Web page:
Solving a superheavy mystery
In September 2017 I responded to a call for proposals sent out by Jon Turney, a science writer I knew by glowing reputation if not in person.
He was commissioning a book of essays exploring scientific collaborations for the Royal Society, and I thought maybe I had a candidate. While working on my book Cracking the Elements, I had read much about the cut-throat desire to be first in discovering elements, and the controversies surrounding priority.
Collaborative exceptions to this rule were few. But one mystery in particular stuck out – and it had to do with the discovery of superheavy elements. These particles, with atomic numbers greater than 104, decay milliseconds after they are made, and require equipment and materials only available in a few labs in the world.
The scientific players rose amid the secrecy and urgency of the Second World War atomic programs, laying the foundation of a highly competitive field. In the late sixties, seventies and eighties, US and Russian teams fought to create and claim elements 104 to 106. A German team at GSI Darmstadt had discovered elements 107, 108 and 109 and were looking for more.
Yet at a conference in 1989, two giants of nuclear physics met: Georgy Flerov of the Joint Institute for Nuclear Research (JINR) in Russia, who had led the Soviet atomic bomb project, and a key competitor, Ken Hulet from the Lawrence Livermore National Laboratory in California, US. Despite the prevailing political scene – including the fact that both countries were still testing nuclear weapons – the two scientists agreed to collaborate.
The first visit of US personnel to the lab at JINR took place in 1990. By 1998 the partnership yielded discovery of the super-heavy elements 114 and 116, and a new era in scientific collaboration between Russia, America, Germany and Japan.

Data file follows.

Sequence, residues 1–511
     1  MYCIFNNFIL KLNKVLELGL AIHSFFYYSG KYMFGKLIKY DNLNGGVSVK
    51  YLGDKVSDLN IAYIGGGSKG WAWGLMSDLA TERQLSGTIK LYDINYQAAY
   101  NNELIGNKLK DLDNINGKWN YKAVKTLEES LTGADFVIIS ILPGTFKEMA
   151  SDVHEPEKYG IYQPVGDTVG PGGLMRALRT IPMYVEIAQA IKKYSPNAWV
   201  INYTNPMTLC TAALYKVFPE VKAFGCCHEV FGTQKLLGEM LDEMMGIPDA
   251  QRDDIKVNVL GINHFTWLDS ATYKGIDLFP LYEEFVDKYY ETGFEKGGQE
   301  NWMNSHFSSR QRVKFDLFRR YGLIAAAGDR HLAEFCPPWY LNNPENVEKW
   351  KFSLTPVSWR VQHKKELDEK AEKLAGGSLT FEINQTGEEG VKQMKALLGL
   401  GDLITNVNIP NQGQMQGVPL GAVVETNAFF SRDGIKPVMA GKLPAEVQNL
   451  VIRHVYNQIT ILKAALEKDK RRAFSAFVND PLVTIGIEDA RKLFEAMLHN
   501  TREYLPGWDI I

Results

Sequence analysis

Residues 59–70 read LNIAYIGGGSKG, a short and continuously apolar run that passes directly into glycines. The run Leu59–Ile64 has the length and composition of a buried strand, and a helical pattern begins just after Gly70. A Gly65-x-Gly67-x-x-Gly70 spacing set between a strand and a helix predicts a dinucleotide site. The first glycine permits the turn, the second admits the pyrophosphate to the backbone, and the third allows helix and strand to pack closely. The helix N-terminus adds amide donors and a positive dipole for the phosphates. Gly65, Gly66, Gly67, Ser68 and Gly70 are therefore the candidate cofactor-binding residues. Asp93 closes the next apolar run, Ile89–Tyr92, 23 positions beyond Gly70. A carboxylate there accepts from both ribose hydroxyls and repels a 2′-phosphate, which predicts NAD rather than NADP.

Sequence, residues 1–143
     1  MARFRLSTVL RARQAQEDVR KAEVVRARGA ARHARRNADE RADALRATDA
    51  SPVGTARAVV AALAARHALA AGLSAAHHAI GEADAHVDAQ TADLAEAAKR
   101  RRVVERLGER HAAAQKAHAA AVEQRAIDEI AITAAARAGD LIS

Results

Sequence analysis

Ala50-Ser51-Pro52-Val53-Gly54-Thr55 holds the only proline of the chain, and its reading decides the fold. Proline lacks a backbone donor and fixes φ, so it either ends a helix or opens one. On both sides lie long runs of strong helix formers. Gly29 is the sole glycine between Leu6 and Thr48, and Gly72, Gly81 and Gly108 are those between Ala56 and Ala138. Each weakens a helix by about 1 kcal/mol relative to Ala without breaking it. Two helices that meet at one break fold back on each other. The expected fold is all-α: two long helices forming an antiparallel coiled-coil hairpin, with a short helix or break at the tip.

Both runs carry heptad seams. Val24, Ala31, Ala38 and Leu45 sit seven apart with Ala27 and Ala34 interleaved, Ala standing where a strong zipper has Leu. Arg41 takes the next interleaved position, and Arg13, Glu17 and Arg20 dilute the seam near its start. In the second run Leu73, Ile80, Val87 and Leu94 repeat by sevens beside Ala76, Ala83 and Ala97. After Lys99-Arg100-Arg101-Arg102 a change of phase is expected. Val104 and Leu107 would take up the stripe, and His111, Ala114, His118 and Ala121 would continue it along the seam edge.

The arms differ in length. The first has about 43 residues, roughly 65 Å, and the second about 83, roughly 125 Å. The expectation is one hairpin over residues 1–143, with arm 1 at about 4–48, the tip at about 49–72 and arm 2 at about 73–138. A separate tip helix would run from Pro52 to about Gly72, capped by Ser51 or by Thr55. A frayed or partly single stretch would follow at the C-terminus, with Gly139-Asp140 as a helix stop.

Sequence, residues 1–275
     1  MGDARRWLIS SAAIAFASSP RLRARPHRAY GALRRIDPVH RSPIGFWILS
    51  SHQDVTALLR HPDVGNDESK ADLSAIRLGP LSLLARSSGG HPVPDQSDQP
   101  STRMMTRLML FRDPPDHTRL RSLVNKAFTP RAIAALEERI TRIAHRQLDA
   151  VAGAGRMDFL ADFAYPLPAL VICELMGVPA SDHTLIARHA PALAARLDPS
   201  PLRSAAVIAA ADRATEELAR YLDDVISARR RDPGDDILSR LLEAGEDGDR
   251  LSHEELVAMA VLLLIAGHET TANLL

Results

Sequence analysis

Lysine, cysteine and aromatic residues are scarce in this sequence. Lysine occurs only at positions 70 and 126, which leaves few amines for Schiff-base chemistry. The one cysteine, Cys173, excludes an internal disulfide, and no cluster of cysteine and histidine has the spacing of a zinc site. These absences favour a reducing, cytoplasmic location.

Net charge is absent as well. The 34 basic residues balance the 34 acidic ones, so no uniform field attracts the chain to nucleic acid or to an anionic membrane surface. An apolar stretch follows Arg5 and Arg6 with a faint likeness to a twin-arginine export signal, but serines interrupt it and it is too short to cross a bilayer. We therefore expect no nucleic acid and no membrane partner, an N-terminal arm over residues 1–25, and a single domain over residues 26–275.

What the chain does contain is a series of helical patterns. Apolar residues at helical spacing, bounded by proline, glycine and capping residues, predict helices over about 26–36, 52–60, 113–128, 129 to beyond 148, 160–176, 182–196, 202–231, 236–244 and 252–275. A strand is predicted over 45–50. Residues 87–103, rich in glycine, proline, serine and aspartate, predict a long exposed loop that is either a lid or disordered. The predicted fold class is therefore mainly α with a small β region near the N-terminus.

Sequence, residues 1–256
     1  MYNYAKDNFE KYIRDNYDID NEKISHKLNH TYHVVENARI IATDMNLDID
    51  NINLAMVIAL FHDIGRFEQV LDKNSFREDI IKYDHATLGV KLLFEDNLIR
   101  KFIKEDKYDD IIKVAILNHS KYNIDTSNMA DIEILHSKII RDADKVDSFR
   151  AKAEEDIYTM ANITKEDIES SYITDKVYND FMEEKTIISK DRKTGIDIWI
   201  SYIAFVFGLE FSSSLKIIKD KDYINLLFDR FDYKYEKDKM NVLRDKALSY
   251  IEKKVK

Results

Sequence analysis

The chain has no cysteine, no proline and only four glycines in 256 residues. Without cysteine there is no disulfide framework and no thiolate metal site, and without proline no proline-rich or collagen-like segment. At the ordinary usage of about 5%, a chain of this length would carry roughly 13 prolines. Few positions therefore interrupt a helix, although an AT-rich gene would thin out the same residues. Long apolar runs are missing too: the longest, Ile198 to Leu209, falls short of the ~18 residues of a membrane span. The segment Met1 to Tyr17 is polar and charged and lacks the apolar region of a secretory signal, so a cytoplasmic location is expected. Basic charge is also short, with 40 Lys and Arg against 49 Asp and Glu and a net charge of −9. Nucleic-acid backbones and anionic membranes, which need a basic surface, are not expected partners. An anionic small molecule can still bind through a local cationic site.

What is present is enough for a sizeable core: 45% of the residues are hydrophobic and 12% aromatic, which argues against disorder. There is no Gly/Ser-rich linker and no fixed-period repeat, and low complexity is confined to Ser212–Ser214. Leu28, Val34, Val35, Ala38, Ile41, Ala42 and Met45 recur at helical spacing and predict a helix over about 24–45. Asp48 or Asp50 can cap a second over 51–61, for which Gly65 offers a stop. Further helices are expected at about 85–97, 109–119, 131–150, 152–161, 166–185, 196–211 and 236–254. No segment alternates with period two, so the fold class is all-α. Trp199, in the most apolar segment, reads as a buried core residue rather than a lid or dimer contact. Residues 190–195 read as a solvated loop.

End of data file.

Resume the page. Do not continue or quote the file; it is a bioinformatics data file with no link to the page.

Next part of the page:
So why did collaboration eventually prevail over competition? Was it because of necessity – the availability of rare materials required for experiments, for example? Or did the spirit of glasnost somehow come into play as the Cold War came to an end? Who brokered the meeting between Flerov and Hulet, or did they do it themselves? Did they have a common language? Was there something about their leadership styles or personalities that meant they overcame institutional and political barriers?
Ken Hulet died in 2010 after a long career, but witnesses to the process were still very much alive. Indeed, through the work of people including Yuri Oganessian who succeeded Georgy Flerov at JINR, and colleagues of Hulet’s, elements 113, 115, 117 and 118 (named after Oganessian) have now been added to the last row of the periodic table, so the collaboration is going strong.
Happily, Jon was able to commission the essay. Via the wonderful Kit Chapman, who was in the process of finishing his book Superheavy, I gained an introduction to Mark Stoyer at Lawrence Livermore National Laboratory who proved a very generous interviewee. I also made contact with JINR in Russia and found myself with an invitation to go to visit them.
After some frantic organising of visas and flights – the trip was to take place during the World Cup in Moscow – I was on the plane to try to put my questions to one of the key players in the whole drama, Yuri Oganessian.